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- The Dragon in the James Bond film For Your Eyes Only is called "Emile Leopold Locque".
- The lone sniper played by Mark Wahlberg in movie Shooter rejoices in the name of Bob Lee Swagger. Lee referencing no other than Lee Harvey Oswald.
- Parodied in Scooby-Doo when at the end Velma reports they had captured Scrappy Cornelius Doo.
- In The Bourne Identity, the alias created to perform the political assassination is that of John Michael Kane.
- John Lithgow as Earl Talbot Blake in Ricochet.
- Referenced in The Fast and the Furious when Dom checks Brian's wallet.
Dom: "Brian Earl Spilner. Sounds like a serial killer."
- In a variant (serial killer, not gunman) there's Charles Lee Ray (referencing Manson, Oswald and the guy who killed MLK), later known as Chucky, from Child's Play.
- One of the assorted crazy connections thrown out in the movie Conspiracy Theory is noting that successful assassins are remembered by their full names, but unsuccessful ones by just two.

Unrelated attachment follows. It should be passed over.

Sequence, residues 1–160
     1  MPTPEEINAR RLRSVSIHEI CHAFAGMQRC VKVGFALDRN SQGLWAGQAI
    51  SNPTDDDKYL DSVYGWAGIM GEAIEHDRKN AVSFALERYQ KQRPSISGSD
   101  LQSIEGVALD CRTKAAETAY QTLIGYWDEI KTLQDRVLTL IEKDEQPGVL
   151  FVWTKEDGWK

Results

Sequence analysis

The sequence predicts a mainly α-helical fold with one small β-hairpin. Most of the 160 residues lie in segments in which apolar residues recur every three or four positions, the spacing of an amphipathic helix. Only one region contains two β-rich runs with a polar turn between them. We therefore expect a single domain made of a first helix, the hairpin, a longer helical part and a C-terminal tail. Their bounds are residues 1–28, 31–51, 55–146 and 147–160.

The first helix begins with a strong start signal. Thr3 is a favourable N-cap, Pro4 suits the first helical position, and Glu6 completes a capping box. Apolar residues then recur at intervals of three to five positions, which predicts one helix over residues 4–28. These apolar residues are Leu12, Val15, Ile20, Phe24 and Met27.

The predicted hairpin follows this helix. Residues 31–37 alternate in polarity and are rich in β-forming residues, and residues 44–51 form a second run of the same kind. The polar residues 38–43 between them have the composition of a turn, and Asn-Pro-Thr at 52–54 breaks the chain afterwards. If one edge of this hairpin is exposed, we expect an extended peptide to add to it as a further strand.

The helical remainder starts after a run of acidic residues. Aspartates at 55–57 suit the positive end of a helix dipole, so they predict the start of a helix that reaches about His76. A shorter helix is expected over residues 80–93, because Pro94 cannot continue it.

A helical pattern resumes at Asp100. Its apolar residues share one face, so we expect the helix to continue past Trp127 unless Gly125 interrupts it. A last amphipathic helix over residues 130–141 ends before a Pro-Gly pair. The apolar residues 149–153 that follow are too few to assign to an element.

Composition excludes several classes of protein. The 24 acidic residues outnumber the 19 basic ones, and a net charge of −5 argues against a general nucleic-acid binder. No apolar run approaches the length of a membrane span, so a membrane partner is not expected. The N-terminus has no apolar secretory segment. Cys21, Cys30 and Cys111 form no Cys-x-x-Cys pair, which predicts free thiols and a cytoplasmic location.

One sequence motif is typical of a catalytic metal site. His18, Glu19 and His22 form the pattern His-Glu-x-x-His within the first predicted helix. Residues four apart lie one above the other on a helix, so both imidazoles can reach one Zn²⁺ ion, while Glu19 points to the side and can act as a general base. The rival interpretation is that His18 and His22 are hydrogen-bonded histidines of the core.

- One character makes an implicit accusation about a murder to another character by asking what his middle name is.
- Karl Ruprecht Kroenen in Hellboy.
- An Anti-Hero or Anti-Villain example is Richard B. Riddick.
- Serial killer Daryll Lee Callum in Copycat.
- Even though he's not a villain, the vengeful father from A Time to Kill who shoots two brutal rapists is named Carl Lee Hailey.
- In the book All-American Girl, the title character saves the president from an assassin named Larry Wayne Rogers.
- Aversion: The eponymous assassin of The Day of the Jackal is known only by his code name.
- Lewis Black, in his autobiography Nothing's Sacred, tells about how his high-school guidance counselor botched his college application process, forcing him to spend his first year at his safety school, University of Maryland.
Not a day went by that I didn't dream of killing my high-school guidance counselor. I was this close to inspiring the kind of headlines usually reserved for people with three names. People like John Wayne Gacy and Mark David Chapman. "Student, Lewis Niles Black, sought in gruesome death of counselor; Police find brilliant essay."
- Lampshaded in Gone Girl; the media referring to Nick as Lance Nicholas Dunne is recognised as an extremely bad sign, and he is greatly relieved when they simply call him Nick Dunne (which is the name he prefers in daily life).